By RANDY KENNEDY
Published: February 1, 2010
In the middle of December two trailer trucks left New York City bound for Austin, Tex., packed with a precious and unusual cargo: the entire collection of pictures amassed over more than half a century by the Magnum photo cooperative, whose members have been among the world’s most distinguished photojournalists.
It is one of the most important photography archives of the 20th century, consisting of more than 180,000 images known as press prints, the kind of prints once made by the collective to circulate to magazines and newspapers. They are marked on their reverse sides with decades of historical impasto — stamps, stickers and writing chronicling their publication histories — that speaks to their role in helping to create the collective photo bank of modern culture.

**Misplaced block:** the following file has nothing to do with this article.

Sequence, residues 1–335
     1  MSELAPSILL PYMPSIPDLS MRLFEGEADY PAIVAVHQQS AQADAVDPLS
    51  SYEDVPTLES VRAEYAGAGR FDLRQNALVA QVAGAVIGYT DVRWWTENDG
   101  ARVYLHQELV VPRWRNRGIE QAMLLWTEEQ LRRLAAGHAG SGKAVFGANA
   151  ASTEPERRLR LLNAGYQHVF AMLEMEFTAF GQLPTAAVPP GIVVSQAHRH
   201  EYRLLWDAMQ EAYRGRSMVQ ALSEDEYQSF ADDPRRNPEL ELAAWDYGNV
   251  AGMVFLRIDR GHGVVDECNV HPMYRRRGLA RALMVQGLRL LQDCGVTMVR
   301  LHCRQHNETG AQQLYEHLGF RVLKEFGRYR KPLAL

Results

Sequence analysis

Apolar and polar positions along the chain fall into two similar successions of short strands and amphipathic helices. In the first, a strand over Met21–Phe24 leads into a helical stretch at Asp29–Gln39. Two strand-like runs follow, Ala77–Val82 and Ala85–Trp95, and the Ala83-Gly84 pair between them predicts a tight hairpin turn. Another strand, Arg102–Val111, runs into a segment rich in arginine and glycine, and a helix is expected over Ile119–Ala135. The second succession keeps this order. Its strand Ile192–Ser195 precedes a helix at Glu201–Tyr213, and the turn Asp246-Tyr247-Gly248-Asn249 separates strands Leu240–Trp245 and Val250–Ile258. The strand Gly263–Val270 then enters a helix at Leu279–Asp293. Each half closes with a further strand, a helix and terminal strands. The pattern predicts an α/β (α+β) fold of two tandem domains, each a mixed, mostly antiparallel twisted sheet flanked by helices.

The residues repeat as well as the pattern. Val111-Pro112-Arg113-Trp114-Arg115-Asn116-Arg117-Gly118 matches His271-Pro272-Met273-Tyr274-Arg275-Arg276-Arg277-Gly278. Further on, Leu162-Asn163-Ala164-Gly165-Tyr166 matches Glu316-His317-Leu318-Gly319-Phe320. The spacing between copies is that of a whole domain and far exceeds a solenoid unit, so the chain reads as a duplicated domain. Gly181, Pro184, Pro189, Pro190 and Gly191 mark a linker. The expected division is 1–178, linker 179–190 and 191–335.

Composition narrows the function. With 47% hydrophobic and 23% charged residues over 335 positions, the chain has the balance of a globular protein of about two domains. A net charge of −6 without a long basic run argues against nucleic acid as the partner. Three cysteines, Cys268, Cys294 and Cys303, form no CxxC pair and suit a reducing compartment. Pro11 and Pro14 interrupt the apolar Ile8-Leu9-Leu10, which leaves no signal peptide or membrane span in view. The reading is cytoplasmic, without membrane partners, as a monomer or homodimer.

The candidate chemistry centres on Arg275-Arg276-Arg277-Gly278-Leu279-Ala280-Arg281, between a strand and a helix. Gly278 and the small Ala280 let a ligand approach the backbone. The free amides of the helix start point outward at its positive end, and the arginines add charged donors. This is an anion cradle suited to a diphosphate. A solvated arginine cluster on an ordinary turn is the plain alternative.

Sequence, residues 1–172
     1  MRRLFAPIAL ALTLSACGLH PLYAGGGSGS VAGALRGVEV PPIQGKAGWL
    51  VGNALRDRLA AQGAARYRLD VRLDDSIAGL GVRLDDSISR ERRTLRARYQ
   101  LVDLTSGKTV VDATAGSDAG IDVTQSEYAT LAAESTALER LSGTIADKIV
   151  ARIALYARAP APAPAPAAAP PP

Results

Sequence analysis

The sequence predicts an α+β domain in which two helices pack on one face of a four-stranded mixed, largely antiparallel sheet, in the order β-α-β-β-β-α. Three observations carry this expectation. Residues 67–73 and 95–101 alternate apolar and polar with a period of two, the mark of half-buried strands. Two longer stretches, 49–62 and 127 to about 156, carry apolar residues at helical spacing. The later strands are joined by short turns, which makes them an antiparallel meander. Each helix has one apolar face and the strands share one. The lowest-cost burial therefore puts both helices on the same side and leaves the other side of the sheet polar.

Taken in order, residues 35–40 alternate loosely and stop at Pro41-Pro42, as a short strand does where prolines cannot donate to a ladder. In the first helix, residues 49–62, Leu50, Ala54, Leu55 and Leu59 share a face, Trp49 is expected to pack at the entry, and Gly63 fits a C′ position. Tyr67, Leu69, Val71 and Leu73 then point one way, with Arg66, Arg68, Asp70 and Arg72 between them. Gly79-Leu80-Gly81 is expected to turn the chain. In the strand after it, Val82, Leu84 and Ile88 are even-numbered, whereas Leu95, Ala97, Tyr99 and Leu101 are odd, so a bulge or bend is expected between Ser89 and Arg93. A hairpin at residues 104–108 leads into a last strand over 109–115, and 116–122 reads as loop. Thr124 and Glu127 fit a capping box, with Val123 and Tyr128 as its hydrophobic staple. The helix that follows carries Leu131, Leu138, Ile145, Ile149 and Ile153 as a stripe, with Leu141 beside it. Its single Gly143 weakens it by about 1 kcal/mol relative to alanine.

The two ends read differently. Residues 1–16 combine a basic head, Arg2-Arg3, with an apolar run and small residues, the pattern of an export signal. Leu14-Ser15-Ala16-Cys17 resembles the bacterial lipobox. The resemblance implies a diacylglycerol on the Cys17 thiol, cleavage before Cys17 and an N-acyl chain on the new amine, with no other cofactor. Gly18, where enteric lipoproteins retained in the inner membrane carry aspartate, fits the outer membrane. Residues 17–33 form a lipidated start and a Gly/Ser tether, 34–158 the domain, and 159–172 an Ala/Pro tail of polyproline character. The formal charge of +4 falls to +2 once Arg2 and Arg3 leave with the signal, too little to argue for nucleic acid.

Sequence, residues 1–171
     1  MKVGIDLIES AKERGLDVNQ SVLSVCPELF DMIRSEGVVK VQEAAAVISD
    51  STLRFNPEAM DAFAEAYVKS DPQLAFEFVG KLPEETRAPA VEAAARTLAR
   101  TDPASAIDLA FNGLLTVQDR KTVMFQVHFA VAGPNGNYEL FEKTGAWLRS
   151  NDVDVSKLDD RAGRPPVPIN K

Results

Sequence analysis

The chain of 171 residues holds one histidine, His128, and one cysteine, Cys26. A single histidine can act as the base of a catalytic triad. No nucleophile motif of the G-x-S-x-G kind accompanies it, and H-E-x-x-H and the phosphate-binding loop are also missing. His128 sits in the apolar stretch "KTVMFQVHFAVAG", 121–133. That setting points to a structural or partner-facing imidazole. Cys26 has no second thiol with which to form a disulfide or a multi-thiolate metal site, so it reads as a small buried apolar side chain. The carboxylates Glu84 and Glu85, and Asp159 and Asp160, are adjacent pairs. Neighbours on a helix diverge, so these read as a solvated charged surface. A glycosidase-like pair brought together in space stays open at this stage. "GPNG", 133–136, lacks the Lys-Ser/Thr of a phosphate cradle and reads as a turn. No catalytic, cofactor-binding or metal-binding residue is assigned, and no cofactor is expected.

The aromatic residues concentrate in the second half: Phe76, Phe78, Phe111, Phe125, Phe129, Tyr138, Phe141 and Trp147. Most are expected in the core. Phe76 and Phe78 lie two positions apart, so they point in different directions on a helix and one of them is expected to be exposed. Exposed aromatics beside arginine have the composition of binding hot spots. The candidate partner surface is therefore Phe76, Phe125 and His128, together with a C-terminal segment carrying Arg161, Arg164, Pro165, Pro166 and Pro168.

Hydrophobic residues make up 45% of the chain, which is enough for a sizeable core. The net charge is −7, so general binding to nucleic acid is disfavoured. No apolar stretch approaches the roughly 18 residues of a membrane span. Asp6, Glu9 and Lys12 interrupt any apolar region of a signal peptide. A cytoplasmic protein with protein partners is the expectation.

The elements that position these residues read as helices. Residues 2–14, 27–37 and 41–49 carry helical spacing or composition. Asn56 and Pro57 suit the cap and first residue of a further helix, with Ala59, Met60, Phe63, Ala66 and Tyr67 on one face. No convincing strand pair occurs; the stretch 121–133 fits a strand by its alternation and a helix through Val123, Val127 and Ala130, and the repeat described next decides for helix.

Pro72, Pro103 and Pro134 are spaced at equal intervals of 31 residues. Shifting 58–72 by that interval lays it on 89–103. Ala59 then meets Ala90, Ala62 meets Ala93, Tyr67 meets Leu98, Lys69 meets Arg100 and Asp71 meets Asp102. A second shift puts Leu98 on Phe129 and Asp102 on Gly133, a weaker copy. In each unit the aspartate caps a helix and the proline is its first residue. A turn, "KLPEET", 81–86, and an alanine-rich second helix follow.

“The trucks had GPS, and I was so nervous, I was tracking every single second of the trip,” Mark Lubell, Magnum’s director, said.
Since Magnum’s founding in 1947 by Robert Capa, Henri Cartier-Bresson, George Rodger, David Seymour and William Vandivert, the prints have always been kept at the agency’s headquarters, which has moved around Manhattan. But like many other photo agencies Magnum began digitally scanning its archive many years ago, and in 2006, the cooperative’s membership voted to begin exploring a sale, whose proceeds would be used to help reinvent Magnum for a new age. READ ALL at NYTs. Or this article on the same topic at WIRED